Home Buying in Waikiki>Question Details

Scott Harris…, Both Buyer and Seller in 96815

why are leasehold units so low in value?

Asked by Scott Harrison, 96815 Wed Feb 23, 2011

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You are not always able to obtain financing for a leasehold property. There must be adequate time on the remianing lease. In some buildings, there is an opportunity to buy the fee and in some that opportunity does not and will not exist.

A leasehold property owner has little certainty and that is enough to frighten many buyers. Therefore, leasehold prices, except in buildings where the fee purchase is readily available are priced low.

I hope this is helpful.

Judy Sobin
358-8828
East Oahu Realty
1 vote Thank Flag Link Wed Feb 23, 2011
You don't own the land with lease hold, so what you are paying is only for the house/condo that resides on the piece of land that you are "leasing". Personally I find it a bit odd to buy leaseholds (unless the lease does not expire for a very long time and you intend to sell it before the lease expires). There are some uncertainties when the lease expires although usually you tend to renegotiate the terms.
0 votes Thank Flag Link Mon May 6, 2013
I own a leasehold property and there are several reasons why LH props are priced lower than Fee Simple ones:
--Financing - hard to find and get a loan under 30 yrs. and some mort companies won't finance LH properties.
--Lease Rent - when this rent is renegotiated to market value, it usually goes up, sometimes way up...
--Finite lease term before lease period is renegotiated. Renegotiation of the lease is usually done and in the better LH properties it is very likely. Yet the sooner you get to the end of the period, the more the value of the property may go down. This period is usually 10 to 15 years out.

All this being said, LH properties can enable a buyer to live in a more desireable place and area and neighborhood. For example, my building, Discovery Bay is right across from the beach and I bought it at a "discount" to the Fee Simple properties in the neighborhood. You can get more bang for the buck, sort to speak.
0 votes Thank Flag Link Fri Apr 8, 2011
In leasehold properties, when the lease on the land ends, the condo or home owner must give the home or condo back to the land owner. The land owner gets the land back and all improvements on it. Therefore, by the time the lease expires the condo or home has no value because the land owner takes it. Basically the improvement each year is less desirable because there is lease time on the lease, thus the value of the property goes down accordingly.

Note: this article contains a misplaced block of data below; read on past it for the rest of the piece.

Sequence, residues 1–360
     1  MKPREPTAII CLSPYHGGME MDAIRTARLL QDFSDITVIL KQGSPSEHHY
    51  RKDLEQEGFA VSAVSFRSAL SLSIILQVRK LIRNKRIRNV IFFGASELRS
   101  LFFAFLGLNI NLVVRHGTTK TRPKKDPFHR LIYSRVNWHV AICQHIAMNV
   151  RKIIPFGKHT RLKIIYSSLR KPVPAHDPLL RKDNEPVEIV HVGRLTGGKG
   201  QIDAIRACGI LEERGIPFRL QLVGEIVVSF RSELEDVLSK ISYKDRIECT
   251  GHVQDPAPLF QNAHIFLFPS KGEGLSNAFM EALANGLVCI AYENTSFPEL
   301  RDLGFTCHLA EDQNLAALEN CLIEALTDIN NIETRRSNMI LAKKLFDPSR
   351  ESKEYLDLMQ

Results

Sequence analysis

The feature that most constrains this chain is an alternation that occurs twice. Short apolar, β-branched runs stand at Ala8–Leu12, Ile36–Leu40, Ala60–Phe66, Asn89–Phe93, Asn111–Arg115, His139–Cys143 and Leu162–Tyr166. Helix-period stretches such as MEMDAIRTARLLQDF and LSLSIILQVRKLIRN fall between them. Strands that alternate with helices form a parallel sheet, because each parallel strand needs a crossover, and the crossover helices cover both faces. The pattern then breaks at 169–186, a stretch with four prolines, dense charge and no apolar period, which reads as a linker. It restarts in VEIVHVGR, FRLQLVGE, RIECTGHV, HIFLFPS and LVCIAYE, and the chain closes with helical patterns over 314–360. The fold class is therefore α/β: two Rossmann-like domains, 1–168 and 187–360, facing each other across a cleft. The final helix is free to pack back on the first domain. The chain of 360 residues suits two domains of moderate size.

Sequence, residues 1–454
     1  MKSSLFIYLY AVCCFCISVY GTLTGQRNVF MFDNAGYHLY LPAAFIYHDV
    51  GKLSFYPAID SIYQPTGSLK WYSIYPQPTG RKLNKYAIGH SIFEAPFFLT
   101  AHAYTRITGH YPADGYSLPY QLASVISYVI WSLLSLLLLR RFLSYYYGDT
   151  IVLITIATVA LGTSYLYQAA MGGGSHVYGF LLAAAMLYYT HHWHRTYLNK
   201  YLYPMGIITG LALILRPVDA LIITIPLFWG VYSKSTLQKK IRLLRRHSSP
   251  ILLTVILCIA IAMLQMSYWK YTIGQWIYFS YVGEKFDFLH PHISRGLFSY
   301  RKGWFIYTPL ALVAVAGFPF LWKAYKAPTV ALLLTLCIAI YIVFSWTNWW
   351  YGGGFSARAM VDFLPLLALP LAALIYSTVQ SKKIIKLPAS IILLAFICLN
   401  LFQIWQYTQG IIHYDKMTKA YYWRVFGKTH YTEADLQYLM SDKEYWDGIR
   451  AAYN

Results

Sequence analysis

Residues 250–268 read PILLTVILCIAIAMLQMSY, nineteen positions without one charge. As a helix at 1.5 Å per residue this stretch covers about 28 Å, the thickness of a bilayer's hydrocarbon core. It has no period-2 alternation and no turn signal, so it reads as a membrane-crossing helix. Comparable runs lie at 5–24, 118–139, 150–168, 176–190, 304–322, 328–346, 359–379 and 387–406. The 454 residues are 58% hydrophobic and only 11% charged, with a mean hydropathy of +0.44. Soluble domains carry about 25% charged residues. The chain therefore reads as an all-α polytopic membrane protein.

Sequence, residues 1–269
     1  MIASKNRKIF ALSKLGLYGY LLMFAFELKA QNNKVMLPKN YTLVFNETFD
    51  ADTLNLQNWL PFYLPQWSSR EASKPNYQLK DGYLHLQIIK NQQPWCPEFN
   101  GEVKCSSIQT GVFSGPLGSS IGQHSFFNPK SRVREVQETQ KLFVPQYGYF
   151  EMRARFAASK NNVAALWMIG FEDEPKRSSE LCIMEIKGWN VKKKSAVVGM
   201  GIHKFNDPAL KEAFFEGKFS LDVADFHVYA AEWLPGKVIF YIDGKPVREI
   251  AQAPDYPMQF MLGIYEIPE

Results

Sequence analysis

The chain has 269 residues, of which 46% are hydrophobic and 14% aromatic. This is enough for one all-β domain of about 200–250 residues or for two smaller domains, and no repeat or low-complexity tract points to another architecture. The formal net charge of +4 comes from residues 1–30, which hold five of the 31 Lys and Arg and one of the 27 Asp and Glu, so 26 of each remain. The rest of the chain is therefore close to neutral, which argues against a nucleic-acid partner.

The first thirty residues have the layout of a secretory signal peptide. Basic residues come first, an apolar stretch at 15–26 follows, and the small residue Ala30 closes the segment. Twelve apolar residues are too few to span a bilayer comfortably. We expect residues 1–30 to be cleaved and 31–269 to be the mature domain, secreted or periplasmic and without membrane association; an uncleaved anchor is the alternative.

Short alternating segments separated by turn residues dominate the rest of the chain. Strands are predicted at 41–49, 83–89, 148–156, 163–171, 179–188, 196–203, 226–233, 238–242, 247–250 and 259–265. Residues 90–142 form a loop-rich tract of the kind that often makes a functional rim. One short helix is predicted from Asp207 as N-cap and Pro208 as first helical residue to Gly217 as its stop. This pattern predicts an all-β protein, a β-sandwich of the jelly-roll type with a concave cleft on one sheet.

However, sometimes the lease is renegotiated and the term extended. Also, the land owner may decide to sell the land to the condo or homeowner. In those cases the value of the condo or home will most likely increase again.
Web Reference: http://www.caseyhawaii.com
0 votes Thank Flag Link Wed Feb 23, 2011
You do not own the land underneath the dwelling - that negatively affects the value of the property, especially in Hawaii where land holds so much value. On top of your mortgage payment, you will also have a lease rent payment. If there's less than 30 years left on the lease - you will not be able to get a 30 year mortgage on the property. Also, as the lease term runs down, the property becomes even less and less desirable - which is not good for a future sale. However, sometimes you can buy both the leasehold property and the fee simple interest at the same time, which then converts to a regular fee-simple property. For weekly tips on Hawaii real estate - become a fan of Hawaii Real Estate on Facebook! : )
0 votes Thank Flag Link Wed Feb 23, 2011
See this video Blog that answers how they work. The fact that one day you may have to hand them back is what reduces value, unless you find one likely to be sold out. That is the only play in Leasehold in my opinion. http://www.youtube.com/user/TheOahuAgent#g/u
Web Reference: http://www.TheOahuAgent.com
0 votes Thank Flag Link Wed Feb 23, 2011
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